Most average Joes know that we need vitamins and minerals, but don’t know how much, whether or not we’re getting enough, and how useful purchasing supplements would be. And can you blame us? The information to help answer these questions isn’t exactly readily available.
The reason for our puzzlement is because vitamin and mineral needs are not a one-size-fits-all guide that you can look up. Each person’s needs are different depending on their diet, environment, age, gender, and other circumstances. What is common knowledge, however, is that when it comes to the functionality of your body, vitamins and minerals are pretty darn essential. They perform hundreds of roles within your day to day, including converting food into energy, repairing cellular damage, strengthening your immune system, and more. You need ‘em, but where do they come from?
How do you get vitamins and minerals?
Food is the most traditional (and many would argue the best) method of obtaining your vitamins and minerals, and many experts recommend that as long as you eat a balanced diet, you’re likely meeting your needs. However, there are circumstances that we find ourselves in which many result in a lack of this or that, and it is these kinds of scenarios that warrant the use of supplements.
A multivitamin is any supplement that contains more than one vitamin or mineral. Multivitamins are used to replenish essential vitamins and minerals that you can’t obtain from your lifestyle.
Talk to a physician before taking any sort of supplement, and follow the recommended dosage and the instructions on the package.
Multivitamin supplements are typically used by:
- Those experiencing medical issues
- Women who are pregnant, who are trying to get pregnant, or are breastfeeding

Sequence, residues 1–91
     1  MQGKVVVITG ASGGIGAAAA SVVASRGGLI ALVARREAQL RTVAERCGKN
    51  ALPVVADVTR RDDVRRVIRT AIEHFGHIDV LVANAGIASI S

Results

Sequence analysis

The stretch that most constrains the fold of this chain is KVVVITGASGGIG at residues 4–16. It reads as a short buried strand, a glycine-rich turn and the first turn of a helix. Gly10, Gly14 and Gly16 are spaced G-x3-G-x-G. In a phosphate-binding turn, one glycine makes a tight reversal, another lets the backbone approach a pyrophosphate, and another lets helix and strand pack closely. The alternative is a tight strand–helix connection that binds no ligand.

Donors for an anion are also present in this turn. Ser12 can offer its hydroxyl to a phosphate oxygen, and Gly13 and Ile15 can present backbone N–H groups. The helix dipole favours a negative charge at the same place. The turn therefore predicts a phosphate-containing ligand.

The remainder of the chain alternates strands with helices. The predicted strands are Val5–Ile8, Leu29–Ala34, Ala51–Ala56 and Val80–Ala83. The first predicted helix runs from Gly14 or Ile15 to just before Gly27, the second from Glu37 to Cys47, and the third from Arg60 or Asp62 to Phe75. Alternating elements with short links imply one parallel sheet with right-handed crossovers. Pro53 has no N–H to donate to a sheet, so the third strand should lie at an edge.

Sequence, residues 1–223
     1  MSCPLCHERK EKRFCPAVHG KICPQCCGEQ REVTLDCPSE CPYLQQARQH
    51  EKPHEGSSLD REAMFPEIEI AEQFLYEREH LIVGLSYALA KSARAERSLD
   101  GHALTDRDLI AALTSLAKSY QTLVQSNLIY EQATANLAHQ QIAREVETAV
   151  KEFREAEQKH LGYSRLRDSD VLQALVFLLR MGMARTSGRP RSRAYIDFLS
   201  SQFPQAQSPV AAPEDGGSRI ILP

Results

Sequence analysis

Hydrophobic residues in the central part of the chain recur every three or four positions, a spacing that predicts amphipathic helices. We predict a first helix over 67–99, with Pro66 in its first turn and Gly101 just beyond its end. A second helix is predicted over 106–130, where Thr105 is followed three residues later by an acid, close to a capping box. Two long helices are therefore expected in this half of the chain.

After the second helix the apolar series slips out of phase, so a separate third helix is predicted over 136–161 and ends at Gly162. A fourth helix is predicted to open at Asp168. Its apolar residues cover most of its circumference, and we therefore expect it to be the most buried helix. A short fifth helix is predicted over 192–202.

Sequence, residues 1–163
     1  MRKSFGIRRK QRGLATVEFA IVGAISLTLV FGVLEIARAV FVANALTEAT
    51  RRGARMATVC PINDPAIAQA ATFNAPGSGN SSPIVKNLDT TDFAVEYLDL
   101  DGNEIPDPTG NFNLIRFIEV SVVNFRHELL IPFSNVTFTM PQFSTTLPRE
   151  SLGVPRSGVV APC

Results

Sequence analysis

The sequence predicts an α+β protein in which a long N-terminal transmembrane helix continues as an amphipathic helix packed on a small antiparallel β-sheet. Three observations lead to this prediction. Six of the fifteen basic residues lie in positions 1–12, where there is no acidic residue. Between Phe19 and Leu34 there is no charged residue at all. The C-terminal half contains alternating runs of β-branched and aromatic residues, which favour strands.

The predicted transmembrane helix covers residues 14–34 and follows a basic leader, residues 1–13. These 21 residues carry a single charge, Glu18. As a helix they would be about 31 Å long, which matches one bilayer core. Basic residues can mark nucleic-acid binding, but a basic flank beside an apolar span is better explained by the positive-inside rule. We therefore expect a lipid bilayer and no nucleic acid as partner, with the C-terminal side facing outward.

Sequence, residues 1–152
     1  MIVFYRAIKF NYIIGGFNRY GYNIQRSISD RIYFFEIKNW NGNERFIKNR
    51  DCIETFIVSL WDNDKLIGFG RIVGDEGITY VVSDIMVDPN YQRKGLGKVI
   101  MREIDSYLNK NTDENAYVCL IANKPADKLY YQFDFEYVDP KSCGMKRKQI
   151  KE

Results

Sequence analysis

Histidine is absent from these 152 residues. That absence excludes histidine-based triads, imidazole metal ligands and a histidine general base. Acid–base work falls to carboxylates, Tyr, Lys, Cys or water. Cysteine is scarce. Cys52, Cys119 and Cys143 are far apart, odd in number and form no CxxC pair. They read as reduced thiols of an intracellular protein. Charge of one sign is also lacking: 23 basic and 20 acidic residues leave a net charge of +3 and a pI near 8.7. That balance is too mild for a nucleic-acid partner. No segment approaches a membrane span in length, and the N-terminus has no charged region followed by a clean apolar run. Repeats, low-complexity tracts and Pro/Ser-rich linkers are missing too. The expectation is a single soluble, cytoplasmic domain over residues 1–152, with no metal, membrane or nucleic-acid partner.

- Adults over the age of 50
- Those who restrict certain foods from their diet
- Children and adolescents
- People who are unable to follow a balanced diet
How multivitamins should be used:
As mentioned above, you want to receive your essential vitamins and minerals primarily from your diet. A multivitamin becomes necessary when you’re unable to do that, and is used to supplement nutrients in areas where you are deficient. However, don’t be the chump that thinks that you can receive energy, protein, or fibre from a multivitamin. They don’t replace healthy eating; they just aid in supplementing nutrients where you’re missing them–there’s a difference!
What to look for in a multivitamin:
High-quality supplements are derived from whole food sources, while cheaper ones are typically derived from lab-created chemicals. Multivitamins without synthetic chemicals will say so on the product.
Look for multivitamins with a NPN or DIN number on the label. These numbers indicate that the product has been assessed by Health Canada, and that they are considered safe, of high quality, and that they do what they claim (all applicable products at SPUD carry these numbers!).
Sometimes vitamin labels will include a variety of units on the packaging, which can make it hard to understand what you’re getting. Some helpful abbreviations include milligrams (mg), micrograms (abbreviated mcg or μg), and international units (IU). These units will be used to communicate the quantity of a vitamin or mineral. Amounts of vitamin A, D, and E are usually written as IU’s, whereas mg and mcg are used for other vitamins and minerals.
You can find Canada’s recommended daily intake of vitamins and minerals here.
The Bottom Line:
If you think you might be someone who could benefit from taking a multivitamin, talk to your doctor! Prioritize receiving the essential nutrients you need from your diet (as multivitamins cannot replace a healthy diet and lifestyle), but consider learning more about supplements if you think you may be deficient of an essential nutrient.
Got more questions about multivitamins? Leave your query in the comments, and we’ll reach out to Suzie Cromwell, our registered dietitian to track down the answer.
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